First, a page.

SSL Certificates for Cryptography

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HSYCO supports high-grade cryptography (TLS ECDHE RSA with AES 128 GCM SHA 256, 128 bit keys, TLS 1.2) to protect the communication between the web browser used by HSYCO web interface and the HSYCO web server.

This is considered secure for commercial applications (for example, on-line banking and e-commerce) and for the exchange of classified information.

HSYCO can use either self-generated certificates, or import certificates issued by a Certification Authority (CA).

A Java Virtual Machine version 8 or above is required to fully support HTTPS encryption, and to ensure compatibility with modern Web browsers.

Self-Generated Certificates

When the SSL certificate is generated by HSYCO, and it is therefore not signed by a Certification Authority recognized by the Web Browser, it is normal for the browser to display a security message during the first access to the site or periodically at the beginning of a new session.

This message asks the user a confirmation about the reliability of the server with which it is trying to start a secure session; since the certificate is not signed by a known CA, the browser can’t guarantee the identity of the server. By accepting the certificate, the connection is established and it is possible to proceed normally.

Anyway, even when the certificate is generated by HSYCO, all the exchanged data are protected by cryptography, as with signed certificates.

The auto-generated certificate guarantees the same level of cryptographic protection as an equivalent certificate signed by a CA.

The ServerName parameter in the hsyco.ini configuration file specifies the name used to generate the SSL certificate, necessary for the cryptography of the HTTPS Web traffic, and must correspond to the domain name through which HSYCO is accessible via the Internet.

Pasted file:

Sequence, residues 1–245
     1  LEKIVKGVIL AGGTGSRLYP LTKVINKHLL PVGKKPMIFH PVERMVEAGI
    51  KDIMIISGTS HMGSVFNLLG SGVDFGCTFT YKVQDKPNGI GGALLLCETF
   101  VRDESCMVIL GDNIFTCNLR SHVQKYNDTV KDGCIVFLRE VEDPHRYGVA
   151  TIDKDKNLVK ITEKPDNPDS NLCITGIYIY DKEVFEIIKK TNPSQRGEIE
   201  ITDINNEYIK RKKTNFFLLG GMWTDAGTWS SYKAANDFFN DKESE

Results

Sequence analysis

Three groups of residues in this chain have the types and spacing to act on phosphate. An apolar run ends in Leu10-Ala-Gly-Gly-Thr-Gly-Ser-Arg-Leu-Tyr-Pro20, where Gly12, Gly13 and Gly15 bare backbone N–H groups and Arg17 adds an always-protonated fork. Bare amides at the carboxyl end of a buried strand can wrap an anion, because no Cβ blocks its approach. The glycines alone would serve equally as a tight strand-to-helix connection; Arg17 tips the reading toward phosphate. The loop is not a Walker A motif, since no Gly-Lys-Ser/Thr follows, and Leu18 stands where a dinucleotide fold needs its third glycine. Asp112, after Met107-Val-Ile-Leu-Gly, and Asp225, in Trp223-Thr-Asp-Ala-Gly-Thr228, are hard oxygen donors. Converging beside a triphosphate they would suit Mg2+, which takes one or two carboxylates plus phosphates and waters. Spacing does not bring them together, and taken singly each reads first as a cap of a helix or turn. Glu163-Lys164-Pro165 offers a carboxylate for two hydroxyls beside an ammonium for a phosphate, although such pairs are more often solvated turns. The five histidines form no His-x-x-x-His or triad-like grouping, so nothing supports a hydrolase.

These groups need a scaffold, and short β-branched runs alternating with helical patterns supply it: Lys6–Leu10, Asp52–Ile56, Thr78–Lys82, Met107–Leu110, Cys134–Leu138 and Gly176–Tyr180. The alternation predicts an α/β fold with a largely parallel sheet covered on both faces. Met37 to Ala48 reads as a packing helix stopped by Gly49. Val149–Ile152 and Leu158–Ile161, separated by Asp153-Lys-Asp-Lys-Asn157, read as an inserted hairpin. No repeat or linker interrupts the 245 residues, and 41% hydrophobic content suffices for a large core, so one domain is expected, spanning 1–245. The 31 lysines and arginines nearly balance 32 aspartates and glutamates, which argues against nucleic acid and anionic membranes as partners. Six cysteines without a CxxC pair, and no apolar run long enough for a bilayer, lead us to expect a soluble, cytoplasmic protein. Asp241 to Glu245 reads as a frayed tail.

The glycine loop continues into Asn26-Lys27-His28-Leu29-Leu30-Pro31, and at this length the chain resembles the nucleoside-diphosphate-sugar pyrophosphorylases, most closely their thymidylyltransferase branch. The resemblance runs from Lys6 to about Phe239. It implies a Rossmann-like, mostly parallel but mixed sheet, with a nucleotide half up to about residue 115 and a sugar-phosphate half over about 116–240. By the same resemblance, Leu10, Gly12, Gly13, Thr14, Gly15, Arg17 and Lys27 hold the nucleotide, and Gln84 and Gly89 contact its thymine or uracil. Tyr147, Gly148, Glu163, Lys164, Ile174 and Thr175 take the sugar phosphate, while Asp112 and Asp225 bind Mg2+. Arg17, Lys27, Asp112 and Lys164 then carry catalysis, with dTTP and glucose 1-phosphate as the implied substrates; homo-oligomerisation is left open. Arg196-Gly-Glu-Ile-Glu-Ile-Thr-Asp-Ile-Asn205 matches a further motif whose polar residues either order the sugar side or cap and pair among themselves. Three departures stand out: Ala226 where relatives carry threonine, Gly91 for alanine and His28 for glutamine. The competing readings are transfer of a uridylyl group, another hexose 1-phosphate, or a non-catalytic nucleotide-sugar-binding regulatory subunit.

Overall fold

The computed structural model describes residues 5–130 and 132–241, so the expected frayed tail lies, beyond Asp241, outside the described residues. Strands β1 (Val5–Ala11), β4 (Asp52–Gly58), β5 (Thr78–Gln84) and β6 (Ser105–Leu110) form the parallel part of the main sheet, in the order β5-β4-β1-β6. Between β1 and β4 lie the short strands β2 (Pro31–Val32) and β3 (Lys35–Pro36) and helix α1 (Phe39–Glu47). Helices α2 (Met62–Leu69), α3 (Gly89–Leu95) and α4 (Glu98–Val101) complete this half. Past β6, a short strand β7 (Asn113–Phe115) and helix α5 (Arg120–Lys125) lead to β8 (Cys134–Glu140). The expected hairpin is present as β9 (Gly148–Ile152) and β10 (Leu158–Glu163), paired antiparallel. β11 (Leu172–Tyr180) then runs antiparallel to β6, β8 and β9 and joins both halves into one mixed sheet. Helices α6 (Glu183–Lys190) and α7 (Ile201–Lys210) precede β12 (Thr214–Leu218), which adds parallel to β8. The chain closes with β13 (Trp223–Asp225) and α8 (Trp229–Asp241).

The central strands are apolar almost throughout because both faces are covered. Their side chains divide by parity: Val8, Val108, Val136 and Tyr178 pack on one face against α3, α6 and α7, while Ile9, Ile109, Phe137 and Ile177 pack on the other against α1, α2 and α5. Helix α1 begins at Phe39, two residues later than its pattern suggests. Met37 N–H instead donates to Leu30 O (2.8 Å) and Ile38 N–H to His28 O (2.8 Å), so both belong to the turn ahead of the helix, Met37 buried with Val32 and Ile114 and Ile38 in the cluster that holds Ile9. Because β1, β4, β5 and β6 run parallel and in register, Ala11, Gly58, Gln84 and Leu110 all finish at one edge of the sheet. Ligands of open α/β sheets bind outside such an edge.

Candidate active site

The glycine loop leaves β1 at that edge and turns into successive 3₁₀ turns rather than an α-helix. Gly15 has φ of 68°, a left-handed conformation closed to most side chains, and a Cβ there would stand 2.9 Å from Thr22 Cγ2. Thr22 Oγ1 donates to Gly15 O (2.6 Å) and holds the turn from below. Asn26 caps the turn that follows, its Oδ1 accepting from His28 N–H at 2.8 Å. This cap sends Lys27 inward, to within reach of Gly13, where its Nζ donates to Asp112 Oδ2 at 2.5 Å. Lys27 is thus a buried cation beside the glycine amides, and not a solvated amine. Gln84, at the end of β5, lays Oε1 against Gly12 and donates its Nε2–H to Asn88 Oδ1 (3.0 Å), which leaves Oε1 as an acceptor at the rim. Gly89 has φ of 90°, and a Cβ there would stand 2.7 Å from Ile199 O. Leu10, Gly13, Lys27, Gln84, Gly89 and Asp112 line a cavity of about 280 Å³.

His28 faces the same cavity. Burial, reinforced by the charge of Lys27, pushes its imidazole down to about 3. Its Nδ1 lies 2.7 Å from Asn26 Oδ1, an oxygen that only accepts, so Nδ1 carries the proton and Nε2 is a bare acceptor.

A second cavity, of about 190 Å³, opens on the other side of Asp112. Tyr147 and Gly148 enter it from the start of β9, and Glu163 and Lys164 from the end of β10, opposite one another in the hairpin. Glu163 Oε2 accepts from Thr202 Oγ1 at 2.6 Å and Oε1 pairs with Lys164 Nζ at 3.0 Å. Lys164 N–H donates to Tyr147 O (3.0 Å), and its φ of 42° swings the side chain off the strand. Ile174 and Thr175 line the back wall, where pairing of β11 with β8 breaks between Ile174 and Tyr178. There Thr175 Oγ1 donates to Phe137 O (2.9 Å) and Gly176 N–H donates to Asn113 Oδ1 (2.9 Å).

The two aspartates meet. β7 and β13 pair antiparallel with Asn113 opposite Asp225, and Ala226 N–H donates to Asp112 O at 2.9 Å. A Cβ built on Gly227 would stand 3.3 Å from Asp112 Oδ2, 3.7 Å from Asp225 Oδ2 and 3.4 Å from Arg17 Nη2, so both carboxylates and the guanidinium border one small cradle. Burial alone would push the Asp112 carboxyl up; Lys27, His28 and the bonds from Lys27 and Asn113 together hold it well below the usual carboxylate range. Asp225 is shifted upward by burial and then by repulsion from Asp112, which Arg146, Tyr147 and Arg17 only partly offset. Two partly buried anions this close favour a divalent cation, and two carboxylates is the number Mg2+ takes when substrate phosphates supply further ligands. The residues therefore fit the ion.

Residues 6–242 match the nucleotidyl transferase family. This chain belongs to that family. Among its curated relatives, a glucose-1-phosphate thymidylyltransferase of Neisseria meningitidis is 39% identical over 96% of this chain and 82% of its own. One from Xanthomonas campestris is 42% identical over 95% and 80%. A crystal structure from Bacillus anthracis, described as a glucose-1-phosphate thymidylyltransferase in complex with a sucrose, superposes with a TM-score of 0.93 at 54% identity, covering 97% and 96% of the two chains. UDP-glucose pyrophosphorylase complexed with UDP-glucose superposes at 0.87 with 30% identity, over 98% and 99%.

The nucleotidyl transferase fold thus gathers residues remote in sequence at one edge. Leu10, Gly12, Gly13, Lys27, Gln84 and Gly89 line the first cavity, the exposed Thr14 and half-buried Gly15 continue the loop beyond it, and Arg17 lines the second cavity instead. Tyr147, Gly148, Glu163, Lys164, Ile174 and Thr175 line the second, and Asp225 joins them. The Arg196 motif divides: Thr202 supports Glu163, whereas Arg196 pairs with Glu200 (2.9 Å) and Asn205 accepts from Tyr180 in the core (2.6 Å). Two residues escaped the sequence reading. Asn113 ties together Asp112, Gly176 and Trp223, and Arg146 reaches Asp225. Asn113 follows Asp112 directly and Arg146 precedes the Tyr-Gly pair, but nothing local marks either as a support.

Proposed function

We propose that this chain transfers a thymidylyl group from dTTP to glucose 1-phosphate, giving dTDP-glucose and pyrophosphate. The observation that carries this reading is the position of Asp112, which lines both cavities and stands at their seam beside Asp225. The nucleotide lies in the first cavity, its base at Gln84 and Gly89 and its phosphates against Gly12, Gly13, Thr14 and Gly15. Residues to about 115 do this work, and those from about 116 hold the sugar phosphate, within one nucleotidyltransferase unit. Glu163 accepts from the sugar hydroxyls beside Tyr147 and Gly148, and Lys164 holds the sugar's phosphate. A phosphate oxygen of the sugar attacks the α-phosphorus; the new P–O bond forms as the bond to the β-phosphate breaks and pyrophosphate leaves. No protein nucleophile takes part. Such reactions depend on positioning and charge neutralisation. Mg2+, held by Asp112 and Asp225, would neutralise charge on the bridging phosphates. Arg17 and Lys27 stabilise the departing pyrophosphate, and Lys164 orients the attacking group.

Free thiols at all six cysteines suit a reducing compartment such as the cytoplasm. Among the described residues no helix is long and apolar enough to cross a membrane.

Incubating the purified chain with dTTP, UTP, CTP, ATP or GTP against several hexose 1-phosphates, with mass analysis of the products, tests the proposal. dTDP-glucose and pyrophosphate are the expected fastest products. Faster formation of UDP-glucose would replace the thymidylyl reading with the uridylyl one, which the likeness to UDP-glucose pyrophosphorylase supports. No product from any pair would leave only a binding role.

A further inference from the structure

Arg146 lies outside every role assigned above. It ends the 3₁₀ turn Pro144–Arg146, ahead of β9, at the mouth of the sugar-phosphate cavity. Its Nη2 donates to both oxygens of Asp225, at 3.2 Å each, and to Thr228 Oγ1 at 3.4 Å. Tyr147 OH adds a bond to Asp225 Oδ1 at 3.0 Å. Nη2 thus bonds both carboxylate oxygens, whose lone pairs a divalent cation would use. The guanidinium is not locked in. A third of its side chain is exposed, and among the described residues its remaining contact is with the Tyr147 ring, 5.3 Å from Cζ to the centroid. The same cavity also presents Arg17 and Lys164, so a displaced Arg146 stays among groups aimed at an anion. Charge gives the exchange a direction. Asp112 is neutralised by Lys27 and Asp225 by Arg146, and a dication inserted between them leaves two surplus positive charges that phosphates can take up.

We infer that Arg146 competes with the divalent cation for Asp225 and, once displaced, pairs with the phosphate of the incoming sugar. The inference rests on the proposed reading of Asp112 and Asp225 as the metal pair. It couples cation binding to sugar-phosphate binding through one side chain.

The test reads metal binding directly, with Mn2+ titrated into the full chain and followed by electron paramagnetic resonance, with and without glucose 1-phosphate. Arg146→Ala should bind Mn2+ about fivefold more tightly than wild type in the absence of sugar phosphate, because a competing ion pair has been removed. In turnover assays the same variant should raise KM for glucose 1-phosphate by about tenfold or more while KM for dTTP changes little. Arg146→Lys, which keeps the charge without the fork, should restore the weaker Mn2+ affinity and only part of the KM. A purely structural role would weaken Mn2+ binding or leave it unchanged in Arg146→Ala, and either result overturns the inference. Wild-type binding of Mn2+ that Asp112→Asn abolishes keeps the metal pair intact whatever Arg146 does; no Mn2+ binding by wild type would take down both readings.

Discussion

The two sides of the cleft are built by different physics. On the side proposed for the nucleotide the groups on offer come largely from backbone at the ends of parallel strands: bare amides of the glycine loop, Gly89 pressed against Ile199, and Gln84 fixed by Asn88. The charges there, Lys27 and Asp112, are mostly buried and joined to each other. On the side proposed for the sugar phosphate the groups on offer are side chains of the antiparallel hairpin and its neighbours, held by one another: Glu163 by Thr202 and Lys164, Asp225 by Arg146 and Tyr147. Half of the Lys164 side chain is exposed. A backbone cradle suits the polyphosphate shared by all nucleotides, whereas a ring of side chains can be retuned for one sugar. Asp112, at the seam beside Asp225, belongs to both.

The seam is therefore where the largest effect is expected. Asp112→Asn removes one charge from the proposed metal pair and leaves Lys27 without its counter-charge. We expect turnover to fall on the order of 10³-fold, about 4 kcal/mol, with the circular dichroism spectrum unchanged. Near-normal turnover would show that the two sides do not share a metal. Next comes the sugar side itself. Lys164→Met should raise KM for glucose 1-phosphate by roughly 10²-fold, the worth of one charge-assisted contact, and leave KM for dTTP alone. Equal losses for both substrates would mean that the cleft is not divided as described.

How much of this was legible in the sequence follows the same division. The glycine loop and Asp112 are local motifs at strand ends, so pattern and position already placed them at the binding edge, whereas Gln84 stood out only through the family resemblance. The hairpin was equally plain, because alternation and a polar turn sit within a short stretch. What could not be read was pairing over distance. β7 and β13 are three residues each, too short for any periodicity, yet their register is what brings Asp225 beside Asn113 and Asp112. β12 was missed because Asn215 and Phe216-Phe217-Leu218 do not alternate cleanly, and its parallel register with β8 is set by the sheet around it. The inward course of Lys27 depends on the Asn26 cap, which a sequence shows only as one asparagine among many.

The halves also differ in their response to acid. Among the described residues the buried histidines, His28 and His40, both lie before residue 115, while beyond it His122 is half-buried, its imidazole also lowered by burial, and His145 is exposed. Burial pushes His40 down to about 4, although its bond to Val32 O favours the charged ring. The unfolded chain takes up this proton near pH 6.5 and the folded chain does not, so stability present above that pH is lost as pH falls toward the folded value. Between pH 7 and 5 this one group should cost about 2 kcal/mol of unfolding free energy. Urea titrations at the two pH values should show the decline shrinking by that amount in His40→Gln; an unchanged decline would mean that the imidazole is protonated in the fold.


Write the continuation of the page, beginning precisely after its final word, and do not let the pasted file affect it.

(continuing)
The certificate is contained in the hsyco.keys file.

When HSYCO is started, if this file is not available, a new SSL certificate is automatically generated according to the name defined in ServerName.

Otherwise, HSYCO simply uses the certificate contained in this file, which could have also been generated by an official Certification Authority (CA).

If an official certificate has not been chosen, this file is thus created and managed by HSYCO without any manual intervention.

If the name defined in ServerName is modified, HSYCO will automatically recreate a new hsyco.keys file the next time it restarts.

Importing the Self-Generated Certificate on your Client

The logout popup

With some browsers and operating systems, like Safari on iOS, permanently importing the self-generated certificate in the local keystore could improve HSYCO's gui usability.

If the certificate is stored in the local keystore, the browser will always accept the HTTPS connection to HSYCO without asking for confirmation. On iOS, and in combination with the HTML5 persistent cache, saving the certificate locally will also significantly improve the gui initialization time.

To download the server certificate's public key in PEM format, simply click the link in the logout panel, then follow the browser or operating system's instructions to save the certificate.

Certificates Issued by Certification Authorities

In order to import a valid certificate issued by a Certificate Authority, the certificate must first be requested, validated and then issued by the CA. HSYCO is compatible with certificates created by the ZeroSSL CA (, but other CAs may work as well.

The Certificate Signing Request (CSR) should be generated by the CA.

Once the certificate is created, the CA should allow you to download the following three files:

  • certificate.crt: this file contains the primary SSL certificate
  • ca_bundle.crt: this file contains the intermediate certificate. The ZeroSSL ca_bundle.crt file only one intermediate certificate (ZeroSSL CA). The root certificate that signs this immediate certificate is trusted by all browsers and almost all SSL clients
  • private.key: this file contains the private key.

In the HSYCO main directory, create a new sub-directory called "hsyco.cert", and copy these three files in it.

Check that the ServerName parameter in hsyco.ini matches the certificate's CN (full domain name). Note that HSYCO only supports single-domain certificates, not multi-domain or wildcard certificates.

Restart HSYCO in order to import the new certificate. If the import is successful, the certificate will be stored in the hsyco.keys keychain file, and the hsyco.cert directory will be deleted.